Having lost the first leg 4-0 in Paris, few had given Barca a chance of reaching the last eight given no side had previously overturned such a deficit in the history of the competition.
But Luis Enrique's side made a barnstorming start in the Camp Nou and led 3-0 early in the second half through Lionel Messi's penalty.
The home side was coasting, but just past the hour Uruguayan striker Edinson Cavani's volley seemingly put PSG back in control with a crucial away goal, meaning Barca needed to score three more times.
However, with two minutes of normal time remaining Neymar's exquisite free-kick gave Barca renewed hope, and two goals in stoppage time completed the most incredible of comebacks.
Those five minutes of stoppage time almost defy description.
In the 91st minute Luis Suarez, who had given Barcelona an early lead, won a penalty, which Neymar converted.
With time running out Barcelona threw everyone forward -- even goalkeeper Marc-André ter Stegen.
And almost with the last kick of the game the decisive goal came from the most unlikely of sources -- not the club's famed South American strikers Messi, Neymar or Suarez -- but defender Sergi Roberto, who was born in Catalonia and is a product of Barca's youth academy.
Bayern Munich's France international Franck Ribery, who played for the German club in Tuesday's 5-1 thrashing of Arsenal, described the game as "unbelievable."
Former Bayern and Chelsea star Michael Ballack tweeted: "That's Champions League," followed by a series of fire emojis.
In the 2005 Champions League final, Liverpool came back from a 3-0 halftime deficit to beat AC Milan on penalties, but Barca's victory is arguably the greatest comeback in the history of the Champions League, given those frantic and frenetic final seven minutes.
Barca's president Josep Maria Bartomeu said on the club's Twitter feed it was an "historic achievement that will be remembered forever."
Ahead of Wednesday's game, Enrique -- who is leaving the club at the end of this season -- had remained quietly confident his team could achieve the unthinkable.
"We arrive in good form and we have to be confident," Enrique told reporters, referring to Barca's two previous league victories, where his team had beaten Sporting Gijon 6-1 and Celta Vigo 5-0.
"We are in the middle of the tie, we have nothing to lose and a lot to win -- if they scored four, we can score six," he added, in comments which proved to be prophetic.
PSG's English Twitter feed had just one word to sum up the defeat: "Gutted." Its website used the word "speechless" for its headline for a report of the match.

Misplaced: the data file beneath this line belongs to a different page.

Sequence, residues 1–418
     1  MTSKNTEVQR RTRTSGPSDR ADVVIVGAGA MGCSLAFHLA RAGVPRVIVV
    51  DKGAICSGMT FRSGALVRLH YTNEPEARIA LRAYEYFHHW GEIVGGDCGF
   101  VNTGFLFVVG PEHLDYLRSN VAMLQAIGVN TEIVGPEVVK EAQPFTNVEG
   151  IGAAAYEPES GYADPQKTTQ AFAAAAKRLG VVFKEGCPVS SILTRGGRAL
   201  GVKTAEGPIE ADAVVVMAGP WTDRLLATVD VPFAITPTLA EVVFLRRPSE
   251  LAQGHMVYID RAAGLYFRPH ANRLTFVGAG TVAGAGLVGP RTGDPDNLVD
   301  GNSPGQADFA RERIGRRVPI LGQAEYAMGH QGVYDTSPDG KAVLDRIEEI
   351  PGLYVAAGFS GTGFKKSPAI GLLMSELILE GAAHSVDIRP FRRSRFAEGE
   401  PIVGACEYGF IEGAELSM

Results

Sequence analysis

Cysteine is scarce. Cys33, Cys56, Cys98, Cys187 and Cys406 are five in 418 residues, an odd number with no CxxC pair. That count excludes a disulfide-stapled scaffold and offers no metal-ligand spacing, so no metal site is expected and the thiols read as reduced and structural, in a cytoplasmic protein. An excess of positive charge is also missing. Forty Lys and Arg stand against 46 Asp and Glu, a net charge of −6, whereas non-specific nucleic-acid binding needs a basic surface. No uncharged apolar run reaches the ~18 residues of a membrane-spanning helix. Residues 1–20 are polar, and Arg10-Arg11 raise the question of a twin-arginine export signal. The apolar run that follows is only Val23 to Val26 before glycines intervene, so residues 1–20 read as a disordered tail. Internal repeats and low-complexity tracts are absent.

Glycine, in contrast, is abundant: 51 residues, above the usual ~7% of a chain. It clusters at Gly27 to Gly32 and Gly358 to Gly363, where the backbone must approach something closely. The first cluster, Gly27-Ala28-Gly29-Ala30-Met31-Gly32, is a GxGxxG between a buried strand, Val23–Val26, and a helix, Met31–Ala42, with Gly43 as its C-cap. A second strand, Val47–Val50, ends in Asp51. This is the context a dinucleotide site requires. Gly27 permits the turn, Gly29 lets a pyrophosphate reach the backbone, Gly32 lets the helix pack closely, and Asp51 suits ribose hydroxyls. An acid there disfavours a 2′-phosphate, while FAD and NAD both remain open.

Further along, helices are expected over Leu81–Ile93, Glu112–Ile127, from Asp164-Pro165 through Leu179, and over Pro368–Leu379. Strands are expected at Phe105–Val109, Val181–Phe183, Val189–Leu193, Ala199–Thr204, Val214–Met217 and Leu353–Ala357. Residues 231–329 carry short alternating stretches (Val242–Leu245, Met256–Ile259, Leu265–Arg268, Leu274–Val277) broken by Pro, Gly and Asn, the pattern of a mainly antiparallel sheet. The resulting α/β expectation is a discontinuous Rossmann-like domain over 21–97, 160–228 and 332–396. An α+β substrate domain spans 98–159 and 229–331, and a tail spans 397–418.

In June 2016, PSG's Qatari owners had appointed Spanish coach Unai Emery, who had led Sevilla to three consecutive Europa League triumphs.
The hope was that Emery's tactical nous would help PSG's billion-dollar quest to win Europe's top club prize, and in the first leg the six-time Ligue 1 champion had run ragged a strangely subdued Barca.
Luck certainly wasn't on PSG's side on Wednesday -- Barca's second goal came from a Layvin Kurzawa own goal, Cavani hit the post, while the home side's first penalty derived from Thomas Meunier's slip, causing Neymar to tumble over the Belgian and win a foul.
Even so PSG's owners, management, players and fans will all be left wondering just how they exited the Champions League given their commanding first-leg performance and big lead.
"I haven't spoken to the players yet, it's not the right time," PSG's CEO and chairman Nasser Al-Khelaifi told the club's website."Everyone is annoyed, it's normal. We're going to calm ourselves down."
"In five minutes, we lost everything," Emery said. "We weren't able to defend. It's an experience. A negative experience, but an experience all the same. I'm learning for the future."
The scenes in the Nou Camp press area looked as chaotic as events on the field, with journalist Reshmin Chowdhury tweeting a video of his astonished media colleagues trying to come to terms with what they had just witnessed -- let alone report it.
"This is a crazy, unique sport," Enrique said. "I dedicate this win to all Barça fans who kept faith in us.
"No one stopped believing," he added. "The team were spectacular. We were rewarded in the end."
In Wednesday's other quarterfinal, Germany's Borussia Dortmund beat Portugal's Benfica 4-0 to win their tie 4-1 on aggregate.